Although differential thermal analysis has been routinely used to evaluate cold hardiness, the relationship between deep supercooling ability and plant survival is not clear. We compared seasonal profiles of changes in low-temperature exotherm (LTE) occurrence and visually determined lowest survival temperature (LST) of Acer rubrum `Armstrong', Fraxinus americana `Autumn Purple' and Zelkova serrata `Green Village' growing in three locations representing plant cold hardiness zones 8, 7 and 5. Between December and February, LTE in Acer rubrum and Fraxinus americana occurred at temperatures 10 to 25C lower than the LST. The difference between LTE and LST was not significant for Zelkova serrata from January to April, and for Acer rubrum and Fraxinus americana in March. Data indicate that LTE could be used as an estimate of LST in Zelkova serrata but not in Acer rubrum and Fraxinus americana. This study demonstrated that LTE does not provide a reliable estimate of cold hardiness in all species that deep supercool.
Freeze tests were performed on stem sections of Fraxinus americana, Lagerstroemia indica Magnolia gradiflora, Rhododendron `Red Ruffle', Zelkova serrata, and leaves of Magnolia grandiflora and Rhododendron `Red Ruffle' in the tinter and summer of 1993. Freeze injury was quantified using electrolyte and phenolic leakage techniques and compared to the lethal temperature range determined by visual method assisted by differential thermal analysis. Richards function was fitted to the electrolyte and phenolic leakage data by the modified Gauss-Newton method. The inflection point of the Richards function coincided with the lethal injury range for non-acclimated leaves, but overestimated the freeze tolerance for acclimated leaves and for both acclimated and non-acclimated stems. A proposed interception point of the lower asymptote and a line tangential to the curve inflection point provided an improved estimate of the lethal injury range in most of the species.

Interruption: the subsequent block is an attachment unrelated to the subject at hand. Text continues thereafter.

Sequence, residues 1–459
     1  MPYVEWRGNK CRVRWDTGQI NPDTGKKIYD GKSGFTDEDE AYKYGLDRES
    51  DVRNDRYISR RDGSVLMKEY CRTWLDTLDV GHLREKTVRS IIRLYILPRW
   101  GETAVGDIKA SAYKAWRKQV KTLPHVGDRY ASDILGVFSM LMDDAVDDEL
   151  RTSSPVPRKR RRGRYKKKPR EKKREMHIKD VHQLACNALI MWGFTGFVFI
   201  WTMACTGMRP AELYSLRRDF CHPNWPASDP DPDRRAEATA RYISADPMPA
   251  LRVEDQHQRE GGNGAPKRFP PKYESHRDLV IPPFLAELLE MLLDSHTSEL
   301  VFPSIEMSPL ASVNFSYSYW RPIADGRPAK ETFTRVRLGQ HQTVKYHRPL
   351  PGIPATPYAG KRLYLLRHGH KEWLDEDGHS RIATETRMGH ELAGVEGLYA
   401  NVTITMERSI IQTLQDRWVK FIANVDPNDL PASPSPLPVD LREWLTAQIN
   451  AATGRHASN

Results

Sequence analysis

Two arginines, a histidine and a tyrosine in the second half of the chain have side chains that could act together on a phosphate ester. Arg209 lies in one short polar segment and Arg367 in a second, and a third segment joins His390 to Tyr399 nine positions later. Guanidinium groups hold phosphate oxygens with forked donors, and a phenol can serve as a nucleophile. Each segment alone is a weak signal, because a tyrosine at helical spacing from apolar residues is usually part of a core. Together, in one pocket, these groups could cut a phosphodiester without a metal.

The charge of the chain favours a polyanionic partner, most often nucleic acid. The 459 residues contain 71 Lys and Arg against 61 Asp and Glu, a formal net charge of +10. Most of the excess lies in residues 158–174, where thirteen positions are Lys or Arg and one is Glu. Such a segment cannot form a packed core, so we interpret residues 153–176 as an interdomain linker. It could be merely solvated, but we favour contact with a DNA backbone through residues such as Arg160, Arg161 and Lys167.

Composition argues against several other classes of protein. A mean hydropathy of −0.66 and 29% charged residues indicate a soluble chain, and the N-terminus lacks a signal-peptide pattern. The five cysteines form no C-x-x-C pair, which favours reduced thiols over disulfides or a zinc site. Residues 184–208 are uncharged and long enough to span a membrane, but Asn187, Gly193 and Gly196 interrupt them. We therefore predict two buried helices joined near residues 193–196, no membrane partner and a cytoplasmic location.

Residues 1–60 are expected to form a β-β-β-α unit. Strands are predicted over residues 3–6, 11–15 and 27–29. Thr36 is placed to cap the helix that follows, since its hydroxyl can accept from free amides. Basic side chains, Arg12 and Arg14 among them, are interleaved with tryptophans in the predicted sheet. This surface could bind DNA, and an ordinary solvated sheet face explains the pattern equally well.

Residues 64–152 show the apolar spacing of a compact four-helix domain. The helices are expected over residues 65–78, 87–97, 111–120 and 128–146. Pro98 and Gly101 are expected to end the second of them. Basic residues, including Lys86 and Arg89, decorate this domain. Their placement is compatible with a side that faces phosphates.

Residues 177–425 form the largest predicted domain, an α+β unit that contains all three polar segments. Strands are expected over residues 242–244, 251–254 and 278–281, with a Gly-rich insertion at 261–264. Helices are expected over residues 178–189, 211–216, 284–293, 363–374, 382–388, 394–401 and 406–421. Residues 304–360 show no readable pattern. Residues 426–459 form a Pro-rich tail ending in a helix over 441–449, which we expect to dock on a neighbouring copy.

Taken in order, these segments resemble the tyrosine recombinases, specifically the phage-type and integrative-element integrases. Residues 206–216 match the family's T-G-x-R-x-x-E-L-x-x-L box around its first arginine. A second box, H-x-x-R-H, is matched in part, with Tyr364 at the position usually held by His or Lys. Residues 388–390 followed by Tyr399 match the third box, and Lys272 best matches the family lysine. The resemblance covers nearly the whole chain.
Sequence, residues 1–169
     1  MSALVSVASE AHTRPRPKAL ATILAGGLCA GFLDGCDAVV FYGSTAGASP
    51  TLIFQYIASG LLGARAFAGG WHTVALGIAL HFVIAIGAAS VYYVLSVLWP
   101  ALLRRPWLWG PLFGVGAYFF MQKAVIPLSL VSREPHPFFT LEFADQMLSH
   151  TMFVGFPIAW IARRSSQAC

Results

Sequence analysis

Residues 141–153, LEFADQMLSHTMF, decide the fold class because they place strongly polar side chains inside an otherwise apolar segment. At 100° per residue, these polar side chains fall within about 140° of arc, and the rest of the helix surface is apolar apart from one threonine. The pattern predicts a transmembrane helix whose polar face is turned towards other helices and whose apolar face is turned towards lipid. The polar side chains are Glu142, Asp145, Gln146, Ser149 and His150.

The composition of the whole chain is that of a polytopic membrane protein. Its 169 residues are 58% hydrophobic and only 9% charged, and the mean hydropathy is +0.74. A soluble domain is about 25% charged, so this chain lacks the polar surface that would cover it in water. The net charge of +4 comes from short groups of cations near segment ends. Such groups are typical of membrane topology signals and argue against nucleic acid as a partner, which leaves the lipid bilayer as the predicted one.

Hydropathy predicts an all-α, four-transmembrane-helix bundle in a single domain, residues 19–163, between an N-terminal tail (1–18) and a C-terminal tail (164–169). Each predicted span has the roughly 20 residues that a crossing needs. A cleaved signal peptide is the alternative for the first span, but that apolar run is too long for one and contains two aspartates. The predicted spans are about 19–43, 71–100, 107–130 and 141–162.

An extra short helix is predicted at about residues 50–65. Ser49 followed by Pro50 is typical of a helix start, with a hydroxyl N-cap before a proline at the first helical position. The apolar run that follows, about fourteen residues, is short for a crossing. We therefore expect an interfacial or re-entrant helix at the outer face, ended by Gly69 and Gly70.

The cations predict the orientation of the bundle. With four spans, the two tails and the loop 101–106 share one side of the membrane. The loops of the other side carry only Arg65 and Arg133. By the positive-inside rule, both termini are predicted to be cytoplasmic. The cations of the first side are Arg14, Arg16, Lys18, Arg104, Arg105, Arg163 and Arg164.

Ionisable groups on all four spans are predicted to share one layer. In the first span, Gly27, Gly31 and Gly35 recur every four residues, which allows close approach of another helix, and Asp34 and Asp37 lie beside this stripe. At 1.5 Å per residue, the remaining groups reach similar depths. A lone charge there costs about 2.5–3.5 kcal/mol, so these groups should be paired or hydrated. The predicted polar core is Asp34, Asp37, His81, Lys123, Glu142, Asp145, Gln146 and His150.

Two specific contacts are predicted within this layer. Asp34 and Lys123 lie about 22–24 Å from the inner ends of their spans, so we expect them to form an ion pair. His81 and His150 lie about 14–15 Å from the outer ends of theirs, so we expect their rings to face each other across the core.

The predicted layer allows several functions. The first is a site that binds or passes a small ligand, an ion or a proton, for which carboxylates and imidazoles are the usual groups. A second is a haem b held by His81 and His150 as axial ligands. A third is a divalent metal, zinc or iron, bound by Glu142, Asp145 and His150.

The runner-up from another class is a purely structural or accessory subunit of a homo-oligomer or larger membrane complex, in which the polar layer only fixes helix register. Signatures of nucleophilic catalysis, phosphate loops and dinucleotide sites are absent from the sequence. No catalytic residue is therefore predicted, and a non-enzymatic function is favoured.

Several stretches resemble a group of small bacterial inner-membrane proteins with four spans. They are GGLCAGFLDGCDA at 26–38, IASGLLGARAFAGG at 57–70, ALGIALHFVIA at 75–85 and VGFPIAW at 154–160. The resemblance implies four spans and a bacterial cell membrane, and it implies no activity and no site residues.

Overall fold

The time-domain reflectometry (TDR) method of measuring water content has been applied to mineral soils but not to organic growing media. We investigated the applicability of TDR for measuring the water content of organic media in containers. TDR calibration was conducted for sand, peat, composted pine bark, sand and peat mix, sand and bark mix, and a commercial growing medium (Metro Mix 300). Regression analysis of volumetric water content was conducted with the ratio of apparent: physical length of the probe (La: L) as an independent variable. The calibration curve for Metro Mix 300 was compared to curves generated for a range of soils by other investigators. Additionally, water-content and La: L changes were monitored in Metro Mix 300 for 10 months and were compared to predicted values from the calibration curve. Organic media had a higher water content than sand for the same La: L value. Equations developed by previous authors generally underestimated water content when compared with the calibration curve for Metro Mix 300. We attribute this difference to a large fraction of highly decomposed organic matter or vermiculite and, thus, to the presence of more bound water. Specific calibration of TDR may be required to determine the absolute water content of organic growing media.